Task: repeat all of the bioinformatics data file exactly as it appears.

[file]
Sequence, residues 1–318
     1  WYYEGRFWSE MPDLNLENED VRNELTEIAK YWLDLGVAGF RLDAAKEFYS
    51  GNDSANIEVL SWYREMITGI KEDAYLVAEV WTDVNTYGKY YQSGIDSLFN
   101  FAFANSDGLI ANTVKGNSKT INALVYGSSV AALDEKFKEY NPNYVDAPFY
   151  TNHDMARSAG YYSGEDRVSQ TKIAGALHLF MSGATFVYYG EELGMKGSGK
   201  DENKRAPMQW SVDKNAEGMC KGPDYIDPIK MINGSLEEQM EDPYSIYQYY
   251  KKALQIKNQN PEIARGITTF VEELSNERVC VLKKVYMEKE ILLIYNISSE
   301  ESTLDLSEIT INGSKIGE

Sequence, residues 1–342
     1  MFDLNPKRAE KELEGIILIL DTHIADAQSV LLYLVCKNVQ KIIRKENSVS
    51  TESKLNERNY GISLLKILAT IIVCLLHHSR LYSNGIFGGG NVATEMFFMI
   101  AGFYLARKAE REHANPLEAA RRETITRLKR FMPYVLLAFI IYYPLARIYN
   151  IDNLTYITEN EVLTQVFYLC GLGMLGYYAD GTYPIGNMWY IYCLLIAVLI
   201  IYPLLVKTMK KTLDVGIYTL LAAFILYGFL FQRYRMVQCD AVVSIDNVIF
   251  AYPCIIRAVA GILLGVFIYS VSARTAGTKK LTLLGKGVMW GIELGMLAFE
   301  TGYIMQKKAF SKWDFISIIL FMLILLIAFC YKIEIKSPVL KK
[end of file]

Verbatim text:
Sequence, residues 1–318
     1  WYYEGRFWSE MPDLNLENED VRNELTEIAK YWLDLGVAGF RLDAAKEFYS
    51  GNDSANIEVL SWYREMITGI KEDAYLVAEV WTDVNTYGKY YQSGIDSLFN
   101  FAFANSDGLI ANTVKGNSKT INALVYGSSV AALDEKFKEY NPNYVDAPFY
   151  TNHDMARSAG YYSGEDRVSQ TKIAGALHLF MSGATFVYYG EELGMKGSGK
   201  DENKRAPMQW SVDKNAEGMC KGPDYIDPIK MINGSLEEQM EDPYSIYQYY
   251  KKALQIKNQN PEIARGITTF VEELSNERVC VLKKVYMEKE ILLIYNISSE
   301  ESTLDLSEIT INGSKIGE

Sequence, residues 1–342
     1  MFDLNPKRAE KELEGIILIL DTHIADAQSV LLYLVCKNVQ KIIRKENSVS
    51  TESKLNERNY GISLLKILAT IIVCLLHHSR LYSNGIFGGG NVATEMFFMI
   101  AGFYLARKAE REHANPLEAA RRETITRLKR FMPYVLLAFI IYYPLARIYN
   151  IDNLTYITEN EVLTQVFYLC GLGMLGYYAD GTYPIGNMWY IYCLLIAVLI
   201  IYPLLVKTMK KTLDVGIYTL LAAFILYGFL FQRYRMVQCD AVVSIDNVIF
   251  AYPCIIRAVA GILLGVFIYS VSARTAGTKK LTLLGKGVMW GIELGMLAFE
   301  TGYIMQKKAF SKWDFISIIL FMLILLIAFC YKIEIKSPVL KK